10 Tips to Help You Spend Less Time Cleaning
Clean smarter, not harder.
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Create a Schedule for Cleaning
Nobody wants to spend their time cleaning, but if you can carve out a routine for yourself, it will help save time in the long run as you’re already on top of cleaning. Set it up a regular checklist based on how often things need to be cleaned. For example, take time to vacuum twice a week, especially if you have pets. When it comes time for an annual top-to-bottom housecleaning, create a schedule that spreads out the cleaning over a week, rather than turning it into two, 16-hour days.
Get Rid of Clutter
The less stuff you have, the less there is to clean. Beyond that, having fewer things to move around just makes it easier to clean. Decluttering your closet, for example, opens it up so that you can quickly clean and vacuum it regularly, which helps to cut down on dirt and dust in that space. That same approach applies throughout your house.
Use a Doormat
A lot of the dirt and dust that comes into the home is from shoes. So nag your family members to take them off. Place shoes on doormats to contain the dirt.
There are a wide variety of doormats to choose from. We like this all-season, indoor/outdoor one with a durable, non-slip rubber backing and a deep-groved pattern that helps catch moisture. It comes in dozens of colors, several different patterns and sizes.
Use a Multipurpose Cleaner
Stop using four to six products to clean your bathroom. A multi-surface cleaner will make it so much easier to get countertops, floors, porcelain, etc. in one swoop, without having to stop to grab a different bottle and another cloth or scrubber. However, there are some surfaces where you should not use a multipurpose cleaner, like wood or glass.
There are any number of multipurpose cleaners to choose from. Ms. Meyers Multi-Surface Cleaner is a solid choice for most jobs. It’s biodegradable, safe for your home and comes in a variety of scents, if you like that sort of thing. Plus, it’s concentrated, so it will last longer.
Use Microfiber Cloths for Dusting
Microfiber products attract and hold dust with an electrostatic charge which make them one of the best tools for how to clean dust. Microfiber cloths are unlike dry rags and fdeather dusters, which just spread dust around. Machine washable microfiber products can save you money over disposable brands because you can use them over and over. Just make sure to let them air dry (so they’ll stay soft), and don’t use bleach or fabric softener, which degrades the fibers and reduces their ability to attract and hold dust. Microfiber dusting tools for blinds, ceiling fans, floors and general cleaning are available online and at many stores. Buy your microfiber cloths in the automotive section. ‘Cleaning’ and ‘detailing’ towels are the same as ‘dusting’ cloths, and they’re often a lot cheaper.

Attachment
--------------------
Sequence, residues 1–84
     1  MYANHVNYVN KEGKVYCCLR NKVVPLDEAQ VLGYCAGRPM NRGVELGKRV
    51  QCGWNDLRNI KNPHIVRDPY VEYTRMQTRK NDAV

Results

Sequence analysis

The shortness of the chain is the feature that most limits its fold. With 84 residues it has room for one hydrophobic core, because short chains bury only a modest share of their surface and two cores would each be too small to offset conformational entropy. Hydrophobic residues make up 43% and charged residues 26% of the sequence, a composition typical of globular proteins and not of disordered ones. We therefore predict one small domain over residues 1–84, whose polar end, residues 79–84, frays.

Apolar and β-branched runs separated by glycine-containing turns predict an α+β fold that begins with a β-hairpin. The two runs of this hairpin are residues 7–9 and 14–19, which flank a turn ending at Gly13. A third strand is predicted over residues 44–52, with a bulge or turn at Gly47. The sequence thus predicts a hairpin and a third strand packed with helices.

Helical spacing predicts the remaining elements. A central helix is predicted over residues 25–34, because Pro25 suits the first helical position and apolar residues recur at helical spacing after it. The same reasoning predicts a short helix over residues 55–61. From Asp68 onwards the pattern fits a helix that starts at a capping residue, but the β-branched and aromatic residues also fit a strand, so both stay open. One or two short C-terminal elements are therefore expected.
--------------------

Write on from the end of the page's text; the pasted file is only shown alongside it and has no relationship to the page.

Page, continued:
Use Stain Removers
Stain removers help make quick work of rust stains in sinks, tubs and toilets. Pour it onto a sponge or add it to the water in the toilet bowl, then scrub with the sponge or a nylon-bristle brush. You can get rid of most stains in less than five minutes.
Use HEPA Vacuum Filter
Stop blowing dust all over with an old vacuum. A HEPA vacuum filter captures microscopic airborne particulates. Old-fashioned paper or conventional vacuum bags pick up only about 30 percent of dust and allergens, and blow the rest back into the air.
Start Cleaning at the Top
When it’s time to dust and vacuum, remember this simple rule: start at the top and work your way down. To begin, clean ceiling fans. Then, vacuum the dust from light fixtures and the top of window casings. From there, work your way down. And finally, vacuum the floor methodically so you cover every inch. This way, you’re not having to re-clean areas you’ve already cleaned as dust and dirt inevitably gets pushed downward as you tackle the stuff up with more elevation.
Upgrade Your Furnace Filter
Your home’s forced-air heating or cooling system helps to control dust by filtering the air. A standard cheap fiberglass filter protects your furnace from large dust particles and provides maximum airflow, but it does little to reduce household dust. More expensive pleated filters usually provide a good balance between cost and filtration efficiency. These filters trap 80 to 95 percent of particles 5 microns and larger. Here are the best furnace filters to buy.
But if you have family members with allergies, consider spending more on high-efficiency filters, which capture 99 percent of airborne particles as small as 0.3 microns (bacteria and viruses, fumes and pollen). These furnace filters are one of the best for how to remove dust from air. Be aware that you’ll have to run your furnace fan full time to get the maximum benefit from a high-efficiency filter, and you’ll have to change the filter frequently to prevent damage to your furnace from the reduced airflow.
Use Extendable Handles
Nothing slows down the process of cleaning like having to constantly climb up and down a ladder, followed by moving it every few feet. Having a duster with an extendable handle lets you reach the corners of your ceiling, the tops of bookshelves, etc. You can also make an extendable tube for your vacuum cleaner to reach those tall spots.